Anglin Bay is a small bay on the western shore of the Cataraqui River at Kingston, Ontario. It is a prominent feature of the Kingston, Ontario Inner Harbour. The bay was named for the Anglin Company whose offices, lumber yard and mill were continuously located on the shore of the bay from 1865 to 1999. The S. Anglin Fuel Company was originally a timber company, incorporated in Kingston in 1865, which gradually worked its way through building materials and lumber, coal, and oil as home heating fuels changed over the years. Timber was originally transported by the Cataraqui River, and later by the Kingston and Pembroke Railway, a now-defunct Canadian Pacific line.
Robert Anglin (1806–74) was a Common Councilman for the Town of Kingston in 1843, at the same time that Sir John A. Macdonald was an Alderman on the Town Council. He had emigrated from County Cork, Ireland to Kingston in 1829, leaving Ireland with his wife on his wedding day. His sons W. B. and S. Anglin established the Anglin company as a sawmill at Wellington and Bay streets, at the mouth of the Cataraqui River, employing 23 people by 1850. Coal was soon added as a sideline, gradually displaced by fuel oil from 1953 onward. Anglin once handled a quarter million tons a year of heating and industrial coal and operated substantial lumber, drydock and shipbuilding facilities. In the 1950s, a custom carpentry shop employed 60-70 workers. The last Anglin lumber was sold in 1979. The company remained within the Anglin family until 1997. Its successor, heating company Tri-Heat Anglin Energy Supply, moved to its current Counter Street location (now John Counter Boulevard) in 1999. It was acquired in the early 2000s by local competitor Rosen Fuels and operated as Rosen TriHeat Anglin Fuels until 2012, ultimately becoming Rosen Energy Group.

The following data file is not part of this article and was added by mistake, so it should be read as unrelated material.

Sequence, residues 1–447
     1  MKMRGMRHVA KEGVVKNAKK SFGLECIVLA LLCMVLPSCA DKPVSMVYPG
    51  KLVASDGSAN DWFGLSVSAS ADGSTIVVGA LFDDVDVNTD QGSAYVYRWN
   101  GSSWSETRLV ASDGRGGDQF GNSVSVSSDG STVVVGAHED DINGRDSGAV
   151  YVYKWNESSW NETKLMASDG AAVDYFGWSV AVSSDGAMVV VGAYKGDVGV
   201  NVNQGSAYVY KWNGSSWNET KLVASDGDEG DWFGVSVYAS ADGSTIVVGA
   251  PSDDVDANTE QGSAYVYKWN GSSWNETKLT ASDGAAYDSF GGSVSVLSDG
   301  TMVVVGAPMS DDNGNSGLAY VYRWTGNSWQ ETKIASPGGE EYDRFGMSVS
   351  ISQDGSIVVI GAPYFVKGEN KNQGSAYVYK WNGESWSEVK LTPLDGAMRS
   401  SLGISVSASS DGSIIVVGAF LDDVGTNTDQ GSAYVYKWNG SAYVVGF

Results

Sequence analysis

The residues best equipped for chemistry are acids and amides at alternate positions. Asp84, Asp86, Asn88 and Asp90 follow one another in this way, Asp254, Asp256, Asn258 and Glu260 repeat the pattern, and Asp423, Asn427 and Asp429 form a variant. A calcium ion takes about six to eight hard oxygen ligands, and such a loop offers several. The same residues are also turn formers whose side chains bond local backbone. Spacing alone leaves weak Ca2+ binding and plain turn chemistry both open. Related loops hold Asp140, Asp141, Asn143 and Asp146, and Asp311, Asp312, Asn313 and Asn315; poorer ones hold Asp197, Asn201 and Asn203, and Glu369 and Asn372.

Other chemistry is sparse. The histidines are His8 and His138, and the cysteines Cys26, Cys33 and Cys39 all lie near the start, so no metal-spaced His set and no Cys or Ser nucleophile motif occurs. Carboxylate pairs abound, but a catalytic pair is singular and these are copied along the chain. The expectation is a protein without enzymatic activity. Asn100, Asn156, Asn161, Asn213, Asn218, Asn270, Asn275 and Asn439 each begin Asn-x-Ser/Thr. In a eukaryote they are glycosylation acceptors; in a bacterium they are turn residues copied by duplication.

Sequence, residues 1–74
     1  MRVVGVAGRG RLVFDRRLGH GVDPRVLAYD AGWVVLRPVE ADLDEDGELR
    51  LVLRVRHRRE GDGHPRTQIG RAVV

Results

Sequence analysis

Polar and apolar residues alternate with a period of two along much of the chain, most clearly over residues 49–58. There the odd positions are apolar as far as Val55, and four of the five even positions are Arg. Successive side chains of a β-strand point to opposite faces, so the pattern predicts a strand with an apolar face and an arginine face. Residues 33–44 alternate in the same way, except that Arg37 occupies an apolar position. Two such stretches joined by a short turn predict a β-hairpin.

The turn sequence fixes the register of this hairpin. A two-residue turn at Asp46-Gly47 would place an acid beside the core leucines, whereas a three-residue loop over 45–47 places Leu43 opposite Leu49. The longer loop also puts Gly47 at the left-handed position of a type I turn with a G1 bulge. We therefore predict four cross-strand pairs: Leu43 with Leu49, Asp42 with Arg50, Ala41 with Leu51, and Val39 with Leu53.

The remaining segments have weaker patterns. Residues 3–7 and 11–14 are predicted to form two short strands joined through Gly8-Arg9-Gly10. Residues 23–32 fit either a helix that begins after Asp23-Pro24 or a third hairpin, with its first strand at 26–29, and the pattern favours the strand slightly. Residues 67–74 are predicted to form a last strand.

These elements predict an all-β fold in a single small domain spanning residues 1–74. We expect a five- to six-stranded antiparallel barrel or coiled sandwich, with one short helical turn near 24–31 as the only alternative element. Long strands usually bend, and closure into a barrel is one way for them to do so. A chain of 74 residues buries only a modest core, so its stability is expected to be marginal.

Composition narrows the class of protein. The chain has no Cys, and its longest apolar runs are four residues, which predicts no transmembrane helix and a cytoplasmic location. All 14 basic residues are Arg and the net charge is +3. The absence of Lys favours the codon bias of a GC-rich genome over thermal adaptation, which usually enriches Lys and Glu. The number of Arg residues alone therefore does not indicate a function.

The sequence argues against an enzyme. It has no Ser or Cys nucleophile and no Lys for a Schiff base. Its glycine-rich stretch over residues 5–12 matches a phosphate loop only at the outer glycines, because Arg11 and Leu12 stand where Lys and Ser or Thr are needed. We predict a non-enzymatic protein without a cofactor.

Other industrial occupants included Canadian Dredge and Dock, whose scows and dredges joined the wharves, quays, and buildings along the rail lines. The facilities expanded as landfill into the harbour. Various shipwrecks remain visible in Anglin Bay; many of these ships belonged to the former Montreal Transportation Company shipyard at the entrance to Anglin Bay or to Canada Steamship Lines of Montreal. The industrial role of this waterfront area has diminished as railways have been removed from the Inner Harbour and waterfront, with much of the railway land used for Ontario Health Insurance Plan offices in the early 1980s.
- 1951 aerial view of Anglin Bay, facing west. (Queen’s University Archives).
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